Page  239



Anurag, Agrawal. 2017. Monarchs and Milkweed: A Migrating Butterfly, a Poisonous Plant, and Their Remarkable Story of Coevolution. Princeton University Press. Princeton, New Jersey. x + 284 pp., hardcover. ISBN 978-0691- 16635-3. $29.95.

During myfinalyear ofgraduatestudyatNorthernMichiganUniversity,several of my naturalist friends and I decided to take a long weekend, despite our need to continue writing our master’s theses. we loaded up all of our plant presses, field guides, nets, collecting jars, binoculars, and spotting scopes and headed down to Peninsula Point in Delta County, Michigan. It was a beautiful fall day and we arrived early in the morning in order to get a glimpse of any birds making their way from Canada to their overwintering spots in the neotropics. However, the real stars of the show turned out to be the thousands of monarch butterflies that had gathered for their own continental migration. This naturalspectaclesparkedinmemyloveofLepidopteraandeventuallysetmeon a course of studying plant-herbivore interactions when I started a PhD about a year later.

Dr. AnuragAgrawal’s new book has in no doubt been influenced by the hundredsofnaturalistslikemyselfwhoareentrancedbythewondersofmonarchbiology. Dr. Agrawal, with years of studies under his belt, is one of the top plant- herbivore biologists in the world. Carefully tracing the life history of the monarch along its spring migration from Mexico to southern Canada and back again in the autumn, Dr. Agrawal weaves in classic studies, including past monarch research by the Urquharts and Lincoln Brower as well as insights from his own years of studying monarch caterpillars and milkweeds.

Dr. Agrawal’s personal insight is what makes this book unique. Sandwiched between accounts of spring and fall monarch migration (which make up the first and last chapters of the book), are chapters in which Dr. Agrawal draws deeply from his expertise on plant-insect interactions. The discussion of the biology of milkweeds, and particularly their defense traits, is not only interesting in itself, but also provides a great general discussion on how chemistry and biology conspire to create the wonderful co-evolutionary study of monarchs and milkweeds. Dr. Agrawal makes it clear that this story isn’t just about monarchs, but also about the diverse genus that contains milkweed. Here he discusses several speciesofthemilkweedgenus(Asclepias) andthevariouswaysmilkweedshave evolved to defend themselves from herbivore attack through chemical defenses and physical defenses. Dr. Agrawal shows that these defense traits vary among the roughly 140 species of milkweeds; for example, some relying heavily on chemicalstodefendthemselves,whereasothersdon’tbothertoproduceasmany chemicals and instead stick to trichomes for defense. The discussion of milk- weeddiversity,however,isprimarilyframedasbeingaproblemformonarchsto solve. The rich research history on the common milkweed (Asclepias syriaca) is

Page  240 240 THE GREAT LAKES BOTANIST Vol. 56

used in great effect to demonstrate that these plants are not passive organisms in the evolution of monarchs and milkweeds. These middle chapters are accessible to non-biologists, but are also broad and sufficiently well-written that even serious chemical ecologists will find them interesting. while explaining the basics of milkweed traits that deter attacks by monarch caterpillars, Dr. Agrawal manages to incorporate numerous theories and examples of the biology behind plant defenses against herbivores. This gives a wonderful context behind the specifics of the back and forth co-evolution of monarchs and milkweeds. The description of these theories also makes this book an excellent introduction to many important concepts that have driven research in the field of plant-insect interactions.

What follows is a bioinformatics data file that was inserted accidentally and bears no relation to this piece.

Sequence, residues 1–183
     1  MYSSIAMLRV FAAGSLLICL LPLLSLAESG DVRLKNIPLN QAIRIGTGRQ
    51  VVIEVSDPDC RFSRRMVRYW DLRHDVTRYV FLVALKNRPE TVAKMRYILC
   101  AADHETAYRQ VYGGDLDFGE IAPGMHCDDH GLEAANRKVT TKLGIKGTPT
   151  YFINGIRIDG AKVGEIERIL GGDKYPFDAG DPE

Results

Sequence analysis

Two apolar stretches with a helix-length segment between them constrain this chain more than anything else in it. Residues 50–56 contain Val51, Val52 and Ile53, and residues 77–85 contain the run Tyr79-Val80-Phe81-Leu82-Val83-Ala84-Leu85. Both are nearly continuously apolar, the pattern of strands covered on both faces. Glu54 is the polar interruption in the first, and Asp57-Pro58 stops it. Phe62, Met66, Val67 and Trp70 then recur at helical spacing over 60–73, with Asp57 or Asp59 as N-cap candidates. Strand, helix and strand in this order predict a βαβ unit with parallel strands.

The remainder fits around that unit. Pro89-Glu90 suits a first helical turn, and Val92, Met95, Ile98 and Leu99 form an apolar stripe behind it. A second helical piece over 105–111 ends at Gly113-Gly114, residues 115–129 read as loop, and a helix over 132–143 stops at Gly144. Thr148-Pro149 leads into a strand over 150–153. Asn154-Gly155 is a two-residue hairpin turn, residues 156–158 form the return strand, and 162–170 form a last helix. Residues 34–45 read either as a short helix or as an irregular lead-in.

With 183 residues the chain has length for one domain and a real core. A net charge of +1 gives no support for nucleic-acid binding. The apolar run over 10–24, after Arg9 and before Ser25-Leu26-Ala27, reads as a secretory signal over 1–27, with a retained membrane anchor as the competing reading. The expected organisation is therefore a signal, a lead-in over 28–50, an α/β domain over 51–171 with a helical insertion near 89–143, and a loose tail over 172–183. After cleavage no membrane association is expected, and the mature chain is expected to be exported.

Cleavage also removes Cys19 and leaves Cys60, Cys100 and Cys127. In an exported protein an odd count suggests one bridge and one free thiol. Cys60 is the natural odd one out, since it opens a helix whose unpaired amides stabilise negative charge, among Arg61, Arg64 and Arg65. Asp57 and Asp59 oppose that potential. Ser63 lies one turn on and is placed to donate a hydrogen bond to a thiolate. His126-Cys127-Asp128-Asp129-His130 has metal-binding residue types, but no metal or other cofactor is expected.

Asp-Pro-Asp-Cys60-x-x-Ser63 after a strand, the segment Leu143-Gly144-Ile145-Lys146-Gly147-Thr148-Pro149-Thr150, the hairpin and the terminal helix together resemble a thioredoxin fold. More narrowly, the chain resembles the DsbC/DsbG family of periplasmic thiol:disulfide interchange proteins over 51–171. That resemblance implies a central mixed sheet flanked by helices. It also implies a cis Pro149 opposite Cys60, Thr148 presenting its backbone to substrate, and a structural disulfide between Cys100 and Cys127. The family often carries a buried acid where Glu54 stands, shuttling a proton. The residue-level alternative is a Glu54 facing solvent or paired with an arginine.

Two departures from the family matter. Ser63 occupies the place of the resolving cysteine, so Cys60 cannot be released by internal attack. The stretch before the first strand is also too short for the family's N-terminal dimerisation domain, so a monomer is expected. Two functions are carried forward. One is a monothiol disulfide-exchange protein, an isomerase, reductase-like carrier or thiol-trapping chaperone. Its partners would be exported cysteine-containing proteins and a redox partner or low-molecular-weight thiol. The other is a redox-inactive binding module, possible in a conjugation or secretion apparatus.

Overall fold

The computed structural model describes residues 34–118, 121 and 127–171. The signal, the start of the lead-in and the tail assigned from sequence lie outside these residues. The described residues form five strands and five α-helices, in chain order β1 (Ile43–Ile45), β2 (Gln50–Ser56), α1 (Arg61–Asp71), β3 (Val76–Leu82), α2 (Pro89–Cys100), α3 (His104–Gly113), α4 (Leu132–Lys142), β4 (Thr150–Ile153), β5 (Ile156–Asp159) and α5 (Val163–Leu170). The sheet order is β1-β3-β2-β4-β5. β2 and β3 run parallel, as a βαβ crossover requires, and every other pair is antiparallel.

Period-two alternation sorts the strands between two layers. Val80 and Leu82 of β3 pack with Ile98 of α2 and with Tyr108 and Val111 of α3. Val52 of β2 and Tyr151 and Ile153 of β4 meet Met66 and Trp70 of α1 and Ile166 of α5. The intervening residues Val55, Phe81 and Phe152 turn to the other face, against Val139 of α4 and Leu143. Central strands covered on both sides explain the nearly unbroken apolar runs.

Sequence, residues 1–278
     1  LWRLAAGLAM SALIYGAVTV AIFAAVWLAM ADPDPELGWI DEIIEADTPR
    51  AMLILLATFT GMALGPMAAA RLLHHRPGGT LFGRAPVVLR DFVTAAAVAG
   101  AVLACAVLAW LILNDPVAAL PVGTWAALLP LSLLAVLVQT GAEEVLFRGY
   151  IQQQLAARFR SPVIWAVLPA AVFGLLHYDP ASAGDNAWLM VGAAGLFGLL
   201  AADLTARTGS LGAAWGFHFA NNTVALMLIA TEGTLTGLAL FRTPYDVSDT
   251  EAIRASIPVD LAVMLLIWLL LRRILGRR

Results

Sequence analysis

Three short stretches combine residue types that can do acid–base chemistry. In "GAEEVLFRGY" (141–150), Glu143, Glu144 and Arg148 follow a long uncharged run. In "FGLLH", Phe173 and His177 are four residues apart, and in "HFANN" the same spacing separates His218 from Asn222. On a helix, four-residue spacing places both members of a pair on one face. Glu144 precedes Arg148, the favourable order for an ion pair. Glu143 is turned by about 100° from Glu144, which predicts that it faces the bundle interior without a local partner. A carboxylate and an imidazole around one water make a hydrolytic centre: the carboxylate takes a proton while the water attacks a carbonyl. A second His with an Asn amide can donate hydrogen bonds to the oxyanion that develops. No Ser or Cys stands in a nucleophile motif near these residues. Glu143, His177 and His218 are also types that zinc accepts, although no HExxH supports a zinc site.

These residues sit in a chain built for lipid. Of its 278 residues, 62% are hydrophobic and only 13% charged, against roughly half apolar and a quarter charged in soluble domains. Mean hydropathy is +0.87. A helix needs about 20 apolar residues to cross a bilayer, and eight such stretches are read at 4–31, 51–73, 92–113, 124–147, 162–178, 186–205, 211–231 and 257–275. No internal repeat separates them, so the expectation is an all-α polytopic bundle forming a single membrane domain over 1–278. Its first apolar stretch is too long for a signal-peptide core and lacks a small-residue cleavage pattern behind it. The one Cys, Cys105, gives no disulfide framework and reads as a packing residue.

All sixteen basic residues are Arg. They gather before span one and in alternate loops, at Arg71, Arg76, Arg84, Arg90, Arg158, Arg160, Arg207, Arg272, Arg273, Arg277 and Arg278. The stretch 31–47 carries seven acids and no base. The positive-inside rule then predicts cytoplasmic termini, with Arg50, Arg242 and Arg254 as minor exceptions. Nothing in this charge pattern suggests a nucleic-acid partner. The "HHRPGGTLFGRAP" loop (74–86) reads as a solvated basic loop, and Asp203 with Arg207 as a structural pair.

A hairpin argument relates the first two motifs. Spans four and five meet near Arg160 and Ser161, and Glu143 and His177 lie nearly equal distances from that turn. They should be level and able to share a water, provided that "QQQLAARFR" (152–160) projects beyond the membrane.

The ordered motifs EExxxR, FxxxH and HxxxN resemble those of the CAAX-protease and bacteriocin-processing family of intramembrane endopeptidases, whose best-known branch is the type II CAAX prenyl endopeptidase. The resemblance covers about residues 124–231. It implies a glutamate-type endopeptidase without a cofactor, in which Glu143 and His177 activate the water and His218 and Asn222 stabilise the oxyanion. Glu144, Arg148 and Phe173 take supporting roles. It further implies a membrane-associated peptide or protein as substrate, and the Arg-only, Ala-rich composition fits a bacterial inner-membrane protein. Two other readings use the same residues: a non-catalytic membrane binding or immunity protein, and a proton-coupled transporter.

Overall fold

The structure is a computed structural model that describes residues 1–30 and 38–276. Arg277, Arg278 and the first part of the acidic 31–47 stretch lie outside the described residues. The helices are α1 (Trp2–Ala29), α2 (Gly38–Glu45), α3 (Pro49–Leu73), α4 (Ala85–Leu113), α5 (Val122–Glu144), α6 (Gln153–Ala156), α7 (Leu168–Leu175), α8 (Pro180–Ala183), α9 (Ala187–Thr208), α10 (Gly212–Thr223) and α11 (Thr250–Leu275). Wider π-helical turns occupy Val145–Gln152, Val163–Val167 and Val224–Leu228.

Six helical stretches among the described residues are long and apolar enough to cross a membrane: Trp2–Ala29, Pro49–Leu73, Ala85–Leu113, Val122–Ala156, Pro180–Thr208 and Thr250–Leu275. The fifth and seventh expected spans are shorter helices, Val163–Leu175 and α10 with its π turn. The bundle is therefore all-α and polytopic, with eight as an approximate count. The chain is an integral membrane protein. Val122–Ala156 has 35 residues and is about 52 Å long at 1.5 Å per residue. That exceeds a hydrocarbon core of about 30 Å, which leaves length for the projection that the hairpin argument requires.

Underlying the tale of monarchs strung throughout this book is a very basic introduction to co-evolution, ecology, and population biology. It is this story about population biology that most readers may be interested in, as it addresses the current research on monarch decline. Here Dr. Agrawal wades into the controversyoverthehypothesisthatmonarchdeclineisconnectedtoasupposeddeclineofmilkweedpopulationsintheUnitedStates. Inaverydetailedretellingof personalresearchthatDr.Agrawalandseveralcollaboratorshaveundertaken,he carefully examines what we know about monarch populations and draws upon years of citizen science data. His conclusion that the decline in monarch populationshasnotbeencausedbyadeclinein milkweedsiscarefully cushioned byan engaging section about spurious correlations and which concludes that halting monarch decline will not be solved simply by planting more milkweeds.

This book will be a real pleasure to read for both professional scientists and those that have a love of nature. For non-technical readers, the layout is easy to read and there are no in-text citations. For those that do want to explore the primary literature, the author has provided plenty of citations that can be found in detailed notes organized by chapter at the end of the book. The colorful photos, illustrations, and graphs peppered throughout the book serve to enhance the reader’s understanding of the more complex and technical aspects of this story that are described in the rich discussions. After finishing this book, it was all I could do to keep from from planning my next fall trip to Peninsula Point to witness the magic of a warm fall day and the thousands of monarchs engaging in a long story of evolutionary ecology.

——Michael C. Rotter Department of Biological Sciences NorthernArizona University Flagstaff,AZ 86011-5640